Tuesday, June 17, 2014
If you have not watched, or even heard of, Showtime's Penny Dreadful, I would highly recommend you check it out. I was initially sceptical, burned out on Vampire drama's and cable shows others seem to love that I can't get into. Believe me, you won't regret giving Penny Dreadful a try. Beautifully written and created by John Logan, the shows center is actress Eva Green, who if not nominated for an EMMY will be a crime. She is memorizing in every scene, her episode 2 seance scene, and the entire episode 5 being an acting tour de force. Penny Dreadful is one part Downton Abbey mixed with a dash of Sweeney Todd, a wee bit of True Blood (just a wee) and a large dose of disturbed. The show lives up to it's title, bringing together stories and characters from the past together in a beautifully bloody way
Green is surrounded by a group of men, three of which I have featured on FH and I one I shockingly have not. First the overlooked, not sure why the delicious Timothy Dalton has not been on the blog but he should have been. Dalton plays Sir Malcolm to Green's Vanessa Ives and together they lead the crew investigating the disappearance of his daughter. The culprit, the Beast and although frightening, it was only in the few scenes with the beast, the show weakened a bit. The characters and story is so strong, the beast is much more frightening when we don't actually see it.
I first featured actor Harry Treadaway in a small birthday post with his actor brother Luke back in 2008. (HERE:) Harry plays Dr. Victor Frankenstein and thus far his storyline has been the most compelling and Treadaway, the most fascinating actor to watch.
The pilot has Frankenstein bringing life to his monster, a beautiful, quiet and naked re-born the good doctor instantly falls in love with. Sadly the love doesn't last long when his first born, the creature, returns to reclaim his place in the family. Rory Kinnear is incredible as the creature. His ability to be both horrifically violent and gut-wrenchingly heartbreaking is powerful to watch. Kinnear, along with Green, are the shows two power houses in the cast. Kinnear's story, especially his Phantom of the Theatre twist is one of the reasons the show works. It is so beautifully shot, wtih dramatic visuals and breath taking cinematography with are all highlighted in the Theatre's scenes and setting. John Logan also is a brilliant dialogue writer, poetic and so many quotes I gave up trying to remember.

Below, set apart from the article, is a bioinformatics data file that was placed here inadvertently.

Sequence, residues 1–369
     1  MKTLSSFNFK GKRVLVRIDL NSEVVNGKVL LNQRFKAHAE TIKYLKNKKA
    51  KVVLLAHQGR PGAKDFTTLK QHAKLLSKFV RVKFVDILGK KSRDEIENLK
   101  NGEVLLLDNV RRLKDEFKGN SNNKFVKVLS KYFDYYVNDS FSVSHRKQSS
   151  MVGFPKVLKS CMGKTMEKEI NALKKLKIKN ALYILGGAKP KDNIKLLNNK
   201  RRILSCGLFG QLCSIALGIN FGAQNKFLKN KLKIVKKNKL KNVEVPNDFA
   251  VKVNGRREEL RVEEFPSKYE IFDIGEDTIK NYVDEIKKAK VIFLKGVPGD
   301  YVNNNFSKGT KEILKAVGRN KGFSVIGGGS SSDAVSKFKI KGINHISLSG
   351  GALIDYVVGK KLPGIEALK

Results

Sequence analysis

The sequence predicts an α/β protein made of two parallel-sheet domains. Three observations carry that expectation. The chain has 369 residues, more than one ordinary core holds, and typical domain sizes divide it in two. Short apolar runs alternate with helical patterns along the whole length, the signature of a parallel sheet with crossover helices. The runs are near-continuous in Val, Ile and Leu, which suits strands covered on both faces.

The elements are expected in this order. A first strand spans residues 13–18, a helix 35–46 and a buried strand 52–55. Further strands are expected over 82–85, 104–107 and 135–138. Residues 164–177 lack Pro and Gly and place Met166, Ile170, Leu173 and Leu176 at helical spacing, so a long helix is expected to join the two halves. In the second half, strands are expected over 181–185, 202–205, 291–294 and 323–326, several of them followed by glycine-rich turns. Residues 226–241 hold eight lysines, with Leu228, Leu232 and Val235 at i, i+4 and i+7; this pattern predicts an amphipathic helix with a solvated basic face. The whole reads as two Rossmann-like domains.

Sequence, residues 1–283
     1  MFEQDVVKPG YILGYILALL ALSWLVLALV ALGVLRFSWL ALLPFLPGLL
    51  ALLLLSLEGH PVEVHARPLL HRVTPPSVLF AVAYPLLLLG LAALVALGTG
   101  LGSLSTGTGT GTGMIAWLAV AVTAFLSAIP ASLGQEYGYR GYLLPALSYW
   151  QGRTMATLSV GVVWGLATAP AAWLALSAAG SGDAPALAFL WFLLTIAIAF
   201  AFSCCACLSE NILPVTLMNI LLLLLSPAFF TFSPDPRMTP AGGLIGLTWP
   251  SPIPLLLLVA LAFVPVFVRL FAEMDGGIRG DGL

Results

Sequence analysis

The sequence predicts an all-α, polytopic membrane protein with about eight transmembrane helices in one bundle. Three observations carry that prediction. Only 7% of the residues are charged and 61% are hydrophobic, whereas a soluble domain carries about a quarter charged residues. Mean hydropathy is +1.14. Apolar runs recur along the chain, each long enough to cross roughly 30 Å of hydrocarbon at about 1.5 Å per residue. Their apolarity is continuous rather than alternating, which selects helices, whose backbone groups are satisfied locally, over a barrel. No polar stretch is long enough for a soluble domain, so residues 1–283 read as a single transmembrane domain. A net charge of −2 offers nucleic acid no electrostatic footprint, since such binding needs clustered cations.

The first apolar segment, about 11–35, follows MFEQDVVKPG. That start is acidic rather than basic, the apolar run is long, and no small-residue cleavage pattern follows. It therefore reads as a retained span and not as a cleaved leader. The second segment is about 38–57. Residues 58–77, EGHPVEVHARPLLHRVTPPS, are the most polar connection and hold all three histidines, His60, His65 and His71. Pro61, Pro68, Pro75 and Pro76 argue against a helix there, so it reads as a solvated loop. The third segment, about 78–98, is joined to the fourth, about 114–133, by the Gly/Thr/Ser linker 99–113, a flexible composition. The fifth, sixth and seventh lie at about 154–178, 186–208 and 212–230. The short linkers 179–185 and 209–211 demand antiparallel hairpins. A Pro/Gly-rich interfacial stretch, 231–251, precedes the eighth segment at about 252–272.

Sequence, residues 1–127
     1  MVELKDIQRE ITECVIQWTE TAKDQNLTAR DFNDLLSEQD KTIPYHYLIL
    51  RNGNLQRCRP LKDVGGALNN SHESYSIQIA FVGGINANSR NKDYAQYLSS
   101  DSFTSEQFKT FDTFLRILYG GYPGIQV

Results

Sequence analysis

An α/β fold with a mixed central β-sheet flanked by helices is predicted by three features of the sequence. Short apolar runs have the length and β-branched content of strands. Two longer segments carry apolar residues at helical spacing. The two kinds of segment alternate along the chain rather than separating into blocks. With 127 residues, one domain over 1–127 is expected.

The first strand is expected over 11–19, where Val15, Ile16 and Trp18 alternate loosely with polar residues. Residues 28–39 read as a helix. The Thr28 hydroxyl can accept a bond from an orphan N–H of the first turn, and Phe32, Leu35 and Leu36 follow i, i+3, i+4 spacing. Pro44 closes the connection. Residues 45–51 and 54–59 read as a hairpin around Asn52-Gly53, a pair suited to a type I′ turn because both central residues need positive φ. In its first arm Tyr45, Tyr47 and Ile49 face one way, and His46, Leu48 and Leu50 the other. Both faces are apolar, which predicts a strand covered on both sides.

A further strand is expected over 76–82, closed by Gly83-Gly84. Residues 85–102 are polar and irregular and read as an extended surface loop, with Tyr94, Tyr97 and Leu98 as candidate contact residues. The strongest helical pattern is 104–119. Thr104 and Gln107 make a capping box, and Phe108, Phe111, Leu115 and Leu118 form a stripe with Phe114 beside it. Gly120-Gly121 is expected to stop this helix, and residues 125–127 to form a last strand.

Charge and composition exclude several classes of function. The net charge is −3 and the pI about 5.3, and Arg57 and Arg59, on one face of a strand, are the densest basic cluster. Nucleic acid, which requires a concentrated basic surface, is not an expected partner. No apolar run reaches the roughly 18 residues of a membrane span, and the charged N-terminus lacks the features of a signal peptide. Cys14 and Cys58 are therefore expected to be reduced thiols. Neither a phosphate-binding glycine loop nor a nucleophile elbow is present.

I am so glad to see Josh Hartnett back in front of the camera. I was never really a fan of his look or his acting but I that has all changed with his role of Ethan Chandler. Hartnett has grown into his looks and has never looked hotter. His acting also fits perfectly with his character, a side show Western performer who has lived most of his life on his his own. Chandler has a secret, but his inability to support others in pain is something I am sure we will learn more about soon.
Straight and gay are not really concepts defined on Penny Dreadful, instead sexuality is wonderfully fluid. Although Hartnett's Chandler has a woman he loves on the show, it didn't stop him spending an interesting evening with oh so beautiful Dorian Gray. Many of the shows characters appear to have a leaning for one sex or another but so far it hasn't limited their sexual exploration and I hope the show continues to treat sexuality this way.
Broadway's Spiderman, actor Reeve Carney plays Dorian Gray on the show and brings a cup of creep into his portrayal of the character. Like his character, Reeve is beautiful, eerily so at times, and the pain of such has only been scratched on the surface thus far. Dorian has moved in and out of sexual encounters with both Green and Hartnett, as well as many others both male and female. The character was introduced enjoying being coughed on with the blood of a woman suffering from consumption.
The show has wisely removed Reeve's clothes several times in the first six episodes. Leads Hartnett and Reeves have both had nude scenes along with Green and several of the shows so-stars and extras. Thus far the nudity seems to be evenly spread out, maybe a slight edge to the men. The nudity is great, but not the main reason to watch the show. It has been awhile since I got so quickly caught up in a new show, but this show is emotionally, visually and theatrically a feast for the eyes and ears. If you have the ability to check it out, start with the pilot and give it at least 3 episodes. Love to see what others think of John Logan's masterpiece.